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Surge Of Missing Children In Washington DC: Mainstream Media Blackout

People take to Twitter to raise the alarm as MSM ignores problem

By: Jay Greenberg  |@NeonNettle
 on 20th March 2017 @ 8.19pm
over a dozen children have been reported missing in march alone © press
Over a dozen children have been reported missing in March alone

Washington D.C. has seen a massive increase in missing children reports recently, yet, unless you're following the Metropolitan Police Department's Twitter feed, or you know a relative of one of the missing children, you wouldn't know anything about it due to a total blackout by the mainstream media.

Over a dozen kids, mainly black and Latina teens aged between 13 and 15 this month alone, with people relying on retweets of Twitter posts to raise the alarm to the public.

Since the Pizzagate scandal broke last year, the mainstream media branded it as "fake news" and has since continued to push this narrative despite the Trump Administration arresting hundreds in connection to pedophile rings operating in the US since cracking down on human trafficking, and reporting on missing children in D.C. clearly conflicts with their cover-up of Pedogate.

Teen Vogue reports: On Sunday night, Twitter user @BlackMarvelGirl tweeted photos and information about eight black teenage girls who've gone missing in the Washington, D.C., area over the past week, receiving more than 35,000 retweets in less than 12 hours.

Additionally, The Root reported that in the past 10 days alone, 10 young people of color have been reported missing in D.C. but haven't received much media attention other than local news outlet mentions and tweets from the Washington, D.C., police department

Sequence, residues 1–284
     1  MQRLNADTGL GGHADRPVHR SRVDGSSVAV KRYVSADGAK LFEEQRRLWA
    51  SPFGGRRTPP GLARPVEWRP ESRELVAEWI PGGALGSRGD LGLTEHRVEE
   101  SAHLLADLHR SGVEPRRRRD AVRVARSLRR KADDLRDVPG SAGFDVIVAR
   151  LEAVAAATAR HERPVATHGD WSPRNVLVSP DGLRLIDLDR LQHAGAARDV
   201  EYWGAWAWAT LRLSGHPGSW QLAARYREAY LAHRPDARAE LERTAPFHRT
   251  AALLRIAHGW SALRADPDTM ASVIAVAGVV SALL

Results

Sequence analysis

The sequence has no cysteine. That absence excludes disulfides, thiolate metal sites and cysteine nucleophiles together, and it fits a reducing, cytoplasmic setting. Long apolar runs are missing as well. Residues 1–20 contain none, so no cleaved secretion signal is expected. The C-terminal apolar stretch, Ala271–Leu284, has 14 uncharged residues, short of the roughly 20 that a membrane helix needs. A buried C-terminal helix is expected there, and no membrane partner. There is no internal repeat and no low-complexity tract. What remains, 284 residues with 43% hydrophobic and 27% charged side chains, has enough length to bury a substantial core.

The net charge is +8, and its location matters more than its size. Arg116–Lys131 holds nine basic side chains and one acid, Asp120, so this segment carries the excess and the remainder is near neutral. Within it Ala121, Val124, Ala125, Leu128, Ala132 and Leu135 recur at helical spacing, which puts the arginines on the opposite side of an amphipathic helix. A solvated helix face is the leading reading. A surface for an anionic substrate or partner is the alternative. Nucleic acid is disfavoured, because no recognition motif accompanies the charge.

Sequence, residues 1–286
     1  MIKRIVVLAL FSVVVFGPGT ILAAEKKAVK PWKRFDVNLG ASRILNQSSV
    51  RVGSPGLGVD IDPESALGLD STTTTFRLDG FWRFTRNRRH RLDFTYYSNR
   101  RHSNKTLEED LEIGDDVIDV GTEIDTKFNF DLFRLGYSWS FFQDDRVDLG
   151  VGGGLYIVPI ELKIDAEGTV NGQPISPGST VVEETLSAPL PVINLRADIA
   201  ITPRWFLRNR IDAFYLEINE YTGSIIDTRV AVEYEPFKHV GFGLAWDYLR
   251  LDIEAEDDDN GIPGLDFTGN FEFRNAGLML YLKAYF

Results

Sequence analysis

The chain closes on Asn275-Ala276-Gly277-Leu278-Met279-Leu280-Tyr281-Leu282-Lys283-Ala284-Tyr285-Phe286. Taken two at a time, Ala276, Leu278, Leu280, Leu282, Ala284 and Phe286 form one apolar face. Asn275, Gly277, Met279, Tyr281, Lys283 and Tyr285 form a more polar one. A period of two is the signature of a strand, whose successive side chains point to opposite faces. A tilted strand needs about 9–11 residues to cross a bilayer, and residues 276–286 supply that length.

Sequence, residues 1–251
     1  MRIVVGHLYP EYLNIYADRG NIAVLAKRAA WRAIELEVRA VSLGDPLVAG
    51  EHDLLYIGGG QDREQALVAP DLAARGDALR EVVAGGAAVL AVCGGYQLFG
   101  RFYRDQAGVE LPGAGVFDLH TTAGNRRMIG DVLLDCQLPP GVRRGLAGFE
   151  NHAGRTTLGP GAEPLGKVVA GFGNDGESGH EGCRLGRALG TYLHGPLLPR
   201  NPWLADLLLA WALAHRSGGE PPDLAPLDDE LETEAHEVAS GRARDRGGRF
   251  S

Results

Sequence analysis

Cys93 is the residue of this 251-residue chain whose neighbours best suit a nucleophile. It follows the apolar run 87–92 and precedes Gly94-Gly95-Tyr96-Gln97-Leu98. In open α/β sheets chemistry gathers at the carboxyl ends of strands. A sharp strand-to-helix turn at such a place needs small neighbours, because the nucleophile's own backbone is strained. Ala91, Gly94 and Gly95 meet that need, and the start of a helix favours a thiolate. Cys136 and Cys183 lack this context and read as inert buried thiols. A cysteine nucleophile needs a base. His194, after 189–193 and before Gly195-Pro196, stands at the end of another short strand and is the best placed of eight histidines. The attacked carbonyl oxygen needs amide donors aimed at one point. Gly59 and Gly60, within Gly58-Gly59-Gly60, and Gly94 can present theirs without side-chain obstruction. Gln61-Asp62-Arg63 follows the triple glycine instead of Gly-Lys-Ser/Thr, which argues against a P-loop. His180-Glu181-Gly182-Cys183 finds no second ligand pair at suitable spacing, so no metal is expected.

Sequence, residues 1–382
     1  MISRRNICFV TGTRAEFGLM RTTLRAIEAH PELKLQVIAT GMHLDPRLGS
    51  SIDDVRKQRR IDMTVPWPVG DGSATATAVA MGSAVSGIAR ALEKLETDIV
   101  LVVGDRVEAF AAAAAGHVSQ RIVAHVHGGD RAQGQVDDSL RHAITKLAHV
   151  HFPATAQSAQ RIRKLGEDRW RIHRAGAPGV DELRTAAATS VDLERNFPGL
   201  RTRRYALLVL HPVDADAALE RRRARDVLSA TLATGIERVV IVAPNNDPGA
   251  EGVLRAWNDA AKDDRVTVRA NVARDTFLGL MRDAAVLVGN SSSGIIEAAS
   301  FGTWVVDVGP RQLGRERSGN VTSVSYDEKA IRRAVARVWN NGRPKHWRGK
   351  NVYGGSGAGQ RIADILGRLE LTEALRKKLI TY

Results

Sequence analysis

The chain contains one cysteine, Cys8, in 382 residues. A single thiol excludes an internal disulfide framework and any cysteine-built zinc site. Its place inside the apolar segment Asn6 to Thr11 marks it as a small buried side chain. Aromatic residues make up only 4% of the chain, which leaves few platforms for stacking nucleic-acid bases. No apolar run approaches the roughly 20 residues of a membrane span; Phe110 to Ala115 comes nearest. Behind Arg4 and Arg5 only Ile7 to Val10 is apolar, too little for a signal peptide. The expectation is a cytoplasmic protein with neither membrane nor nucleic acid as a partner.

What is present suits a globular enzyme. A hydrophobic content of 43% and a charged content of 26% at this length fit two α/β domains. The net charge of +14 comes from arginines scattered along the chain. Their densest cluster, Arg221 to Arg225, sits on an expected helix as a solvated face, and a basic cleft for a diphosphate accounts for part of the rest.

Currently missing are: 

Juliana Otero,15

Jacqueline Lassey, 15

Yahshaiyah Enoch, 13

Dashann Trikia Wallace, 15

Gladys Keitt, 18

Taliyah Thomas, 12

Aniya McNeil, 13

Dayanna White, 15

Talisha Coles, 16

Morgan Richardson, 15

Keon Herder, 19

Antwan Jordan, 15

Navaras Johnson, 14

The city of Washington, D.C., also seems to have a larger problem with missing young people, specifically young women; at one point in January 2017, there were as many as 15 open cases involving missing girls in the area at one time, FOX 5 reported.

Why aren't larger outlets talking about these teenagers as well as this pattern? Yesha Callahan of The Root asks how often cases like this are given the spotlight in comparison with cases featuring young, attractive white women.

This phenomenon, first called "missing white woman syndrome" by PBS reporter Gwen Ifill, occurs when the mainstream media gives more attention and preference to covering the cases of young, white, and attractive women from middle-class or upper-class upbringings rather than people of color or others who don't fit that criteria.

Well-known cases of nearly nonstop coverage include Natalee Holloway, who disappeared on a trip to Aruba in 2005 following her high school graduation, and Elizabeth Smart, who was kidnapped as a teenager in 2002 before being rescued nine months later.

If you have information on the missing teenagers, call the Washington, D.C., Police Department at (202) 727-9099. You can also check out Black & Missing Foundation, which seeks to offer more visibility for black people reported missing in the U.S.

 

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